Cancer Immunotherapy: A Collection of Latest Findings
Cancer Res: Scientists identify potential new targets for cancer immunotherapy: GARP According to the American Cancer Society, colorectal cancer is the third leading cause of cancer death i...
According to the American Cancer Society, colorectal cancer is the third leading cause of cancer death in men and women. Although significant progress has been made in the treatment of such cancers, the 5-year survival rate of colorectal cancer patients is only 12%. Recently, in a research report published in Cancer Research, scientists from the University of South Carolina Medical University found a potential new target for colorectal cancer immunotherapy.
Similar to PD-1, GARP is a special protein expressed on the surface of immune cells. Researchers hope to target GARP protein as a novel therapy for colorectal cancer patients that does not respond to other immunotherapy. There are many things scientists could do with the immune system in the treatment of cancer. PD-1 checkpoint therapy is one of them. Researchers believe that GARP is also one of the targets that can be utilized.
Recently, researchers from institutions such as Turku University in Finland explored the effects of macrophage scavenger receptor Clever-1 on tumor growth in a variety of mouse tumor models through conditional knockout, bone marrow chimera and cell depletion experiments. These tumor models are characterized by inflammation or non-inflammation. In addition, the researchers tested the immunotherapeutic efficacy of inhibiting Clever-1 as an immunotherapy or in combination with anti-PD-1 inhibitors.
Gene defects in Clever-1 in macrophages significantly inhibit solid tumor growth. This effect is mediated by macrophages that become immunoregulatory phenotypes under Clever-1 deletion conditions, which reverse the tumor immunosuppressive microenvironment to the inflammatory environment while activating endogenous anti-tumor CD8 positive T cells. A similar therapeutic effect can be achieved by immunotherapeutic inhibition of Clever-1. It is worth noting that these effects are comparable to anti-PD-1 inhibitors. In addition, the anti-Clever-1 and anti-PD-1 combined therapy can produce synergistic effects in malignant, non-responsive advanced tumors, inhibiting tumor growth.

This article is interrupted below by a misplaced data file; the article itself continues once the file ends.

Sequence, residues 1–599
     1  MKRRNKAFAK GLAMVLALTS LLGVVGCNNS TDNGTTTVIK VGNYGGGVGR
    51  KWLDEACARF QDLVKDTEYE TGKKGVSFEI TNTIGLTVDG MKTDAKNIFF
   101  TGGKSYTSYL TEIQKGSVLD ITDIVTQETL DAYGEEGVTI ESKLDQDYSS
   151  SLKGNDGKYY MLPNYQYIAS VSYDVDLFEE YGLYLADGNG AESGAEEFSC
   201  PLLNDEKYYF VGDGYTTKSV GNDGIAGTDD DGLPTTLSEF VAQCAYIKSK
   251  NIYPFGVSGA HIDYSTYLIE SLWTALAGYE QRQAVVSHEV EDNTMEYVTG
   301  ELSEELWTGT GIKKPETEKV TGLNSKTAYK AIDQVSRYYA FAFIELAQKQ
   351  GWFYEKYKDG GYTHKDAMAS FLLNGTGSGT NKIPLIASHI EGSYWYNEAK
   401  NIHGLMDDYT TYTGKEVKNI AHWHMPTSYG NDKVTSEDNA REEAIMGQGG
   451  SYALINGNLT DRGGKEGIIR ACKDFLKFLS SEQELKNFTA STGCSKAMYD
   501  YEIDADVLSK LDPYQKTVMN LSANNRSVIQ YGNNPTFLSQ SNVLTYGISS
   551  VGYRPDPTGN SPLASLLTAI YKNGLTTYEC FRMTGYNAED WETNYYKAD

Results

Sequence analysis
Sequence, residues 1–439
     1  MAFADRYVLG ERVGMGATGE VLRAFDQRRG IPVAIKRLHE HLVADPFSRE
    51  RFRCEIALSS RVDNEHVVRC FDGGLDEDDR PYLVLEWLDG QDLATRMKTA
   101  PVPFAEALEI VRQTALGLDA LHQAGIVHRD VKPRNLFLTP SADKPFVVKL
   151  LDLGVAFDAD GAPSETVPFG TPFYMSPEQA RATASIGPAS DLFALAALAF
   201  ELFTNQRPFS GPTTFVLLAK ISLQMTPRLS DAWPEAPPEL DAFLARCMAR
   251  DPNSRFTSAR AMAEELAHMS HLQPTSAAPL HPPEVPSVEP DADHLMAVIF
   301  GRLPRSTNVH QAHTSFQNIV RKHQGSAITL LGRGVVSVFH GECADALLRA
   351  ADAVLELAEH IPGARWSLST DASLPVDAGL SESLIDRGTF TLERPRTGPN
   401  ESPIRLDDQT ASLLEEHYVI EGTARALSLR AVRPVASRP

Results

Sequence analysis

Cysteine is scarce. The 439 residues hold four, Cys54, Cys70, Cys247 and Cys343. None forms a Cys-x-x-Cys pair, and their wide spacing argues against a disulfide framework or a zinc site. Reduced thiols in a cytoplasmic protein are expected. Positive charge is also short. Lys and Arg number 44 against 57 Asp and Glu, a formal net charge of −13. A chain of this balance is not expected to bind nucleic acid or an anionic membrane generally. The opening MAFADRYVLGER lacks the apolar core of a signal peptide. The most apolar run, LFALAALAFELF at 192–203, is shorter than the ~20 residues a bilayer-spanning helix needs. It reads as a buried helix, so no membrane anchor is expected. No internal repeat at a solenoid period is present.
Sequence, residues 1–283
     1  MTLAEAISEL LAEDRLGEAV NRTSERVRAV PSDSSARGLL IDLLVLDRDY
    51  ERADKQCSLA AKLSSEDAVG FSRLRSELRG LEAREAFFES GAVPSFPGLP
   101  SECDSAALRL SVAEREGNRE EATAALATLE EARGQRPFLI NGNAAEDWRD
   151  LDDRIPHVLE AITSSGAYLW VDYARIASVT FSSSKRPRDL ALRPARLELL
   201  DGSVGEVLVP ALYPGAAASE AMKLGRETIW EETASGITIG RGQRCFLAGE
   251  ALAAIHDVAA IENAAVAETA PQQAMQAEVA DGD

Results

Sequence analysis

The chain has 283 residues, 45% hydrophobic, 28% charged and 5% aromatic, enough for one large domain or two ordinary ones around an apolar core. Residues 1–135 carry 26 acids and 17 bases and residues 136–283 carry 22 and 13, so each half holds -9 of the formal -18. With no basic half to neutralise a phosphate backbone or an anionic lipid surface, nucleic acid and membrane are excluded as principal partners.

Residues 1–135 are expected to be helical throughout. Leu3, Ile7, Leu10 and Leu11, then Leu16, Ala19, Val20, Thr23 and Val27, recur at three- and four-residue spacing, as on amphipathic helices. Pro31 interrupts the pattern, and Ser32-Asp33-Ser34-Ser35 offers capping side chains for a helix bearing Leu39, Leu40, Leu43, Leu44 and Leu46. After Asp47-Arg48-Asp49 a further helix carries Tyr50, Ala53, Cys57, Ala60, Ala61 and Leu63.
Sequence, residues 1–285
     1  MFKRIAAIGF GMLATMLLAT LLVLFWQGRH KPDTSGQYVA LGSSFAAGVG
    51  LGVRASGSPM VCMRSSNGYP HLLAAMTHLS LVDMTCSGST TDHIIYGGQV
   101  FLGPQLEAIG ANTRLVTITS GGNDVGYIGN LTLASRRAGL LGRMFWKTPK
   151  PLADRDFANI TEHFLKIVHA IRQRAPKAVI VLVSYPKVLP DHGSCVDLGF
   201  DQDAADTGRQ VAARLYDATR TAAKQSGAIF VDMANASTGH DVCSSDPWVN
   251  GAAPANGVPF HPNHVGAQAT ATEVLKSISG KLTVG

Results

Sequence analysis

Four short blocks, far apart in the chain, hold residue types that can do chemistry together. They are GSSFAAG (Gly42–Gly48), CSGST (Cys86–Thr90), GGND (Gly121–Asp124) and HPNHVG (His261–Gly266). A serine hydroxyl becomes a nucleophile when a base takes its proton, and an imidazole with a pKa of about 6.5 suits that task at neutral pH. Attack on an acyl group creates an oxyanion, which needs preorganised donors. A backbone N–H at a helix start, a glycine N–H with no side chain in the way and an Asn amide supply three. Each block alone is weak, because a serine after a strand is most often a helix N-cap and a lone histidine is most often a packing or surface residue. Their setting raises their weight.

Checkpoint inhibitors are a major breakthrough in the treatment of cancer immunotherapy, which allows immune cells to regain their activity and kill cancer cells. In general, these factors are antibodies, which are highly specific and are not easy to spread in the body. If scientists want to enhance the ability of immune cells to kill cancer cells, then they need a variety of tools, such as a large library of many traditional small molecules, all they need is to find a screening method, and a platform that can screen thousands of drugs.
Recently, in a research report published in Cell Chemical Biology, scientists from the Emory University School of Medicine found that a class of drugs called IAP antagonists currently used in the clinic can promote the body’s immune activity to resist cancer cells. Although FDA has approved checkpoint inhibitors for the treatment of a variety of cancers, many patients do not benefit from this, and it may be possible to find drugs that can “release” other immune responses. This will definitely improve the anti-cancer efficacy of these patients, especially those who are not effectively treated by checkpoint inhibitors.
When bacteria and viruses enter the body, the proteins carried on the surface will be recognized by the body, and then T cells will be activated. T cells are important white blood cells that can help the body effectively resist infection. During cell activation, a molecular complex called the microtubule-organizing center (MTOC) moves to the center of the T cell surface. Microtubules have many important functions, including determining the shape of the cell and cell division, and the reduction of MTOC plays a key role in the immune response of activated T cells.
Recently, in a research report published in Scientific Reports, scientists from Tokyo Institute of Technology discovered a microtubule-binding protein called CLIP-170, which is responsible for activating the repositioning of MTOC in T cells.
Immunotherapy has proven to be effective in treating a variety of cancers, but seemingly not including brain. Now, a new study shows that patients with type 1 neurofibromatosis (NF1) and having a slowly growing brain tumor may be susceptible to immunotherapy treatment.
The results of an international consortium led by researchers at Columbia University's Vagelos Physician and Surgeons College were published online today in the journal Nature Medicine. It is estimated that 100,000 people in the United States suffer from NF1, a hereditary disease that can lead to the development of tumors throughout the nervous system, including a brain tumor called glioma. Children usually have a slow-growing type of glioma, and adults usually have a more aggressive type.
But whether or not it grows slowly, gliomas are difficult to treat. Most people are highly resistant to chemotherapy, and radiotherapy can aggravate symptoms rather than relieve headaches and epilepsy. Surgery is rarely an option because tumors often engulf vulnerable areas of the brain.
This article is written by scientists from BOC Sciences. Having been a trust-worthy chemical vendor for at least two decades, BOC Sciences keeps close watch on the latest trend and innovations in drug discovery, and at the same time, offering a comprehensive collection of chemicals such as checkpoint inhibitors as well as small molecule inhibitors like Antibacterial Inhibitor, CD30 Inhibitor, B7H3 Inhibitor, TIGIT Inhibitor, HHLA2 Inhibitor, B7-H4 Inhibitor, HHLA2 Inhibitor, 5 alpha Reductase Inhibitor, CD155 Inhibitor, CCR Inhibitor, STING Inhibitor.
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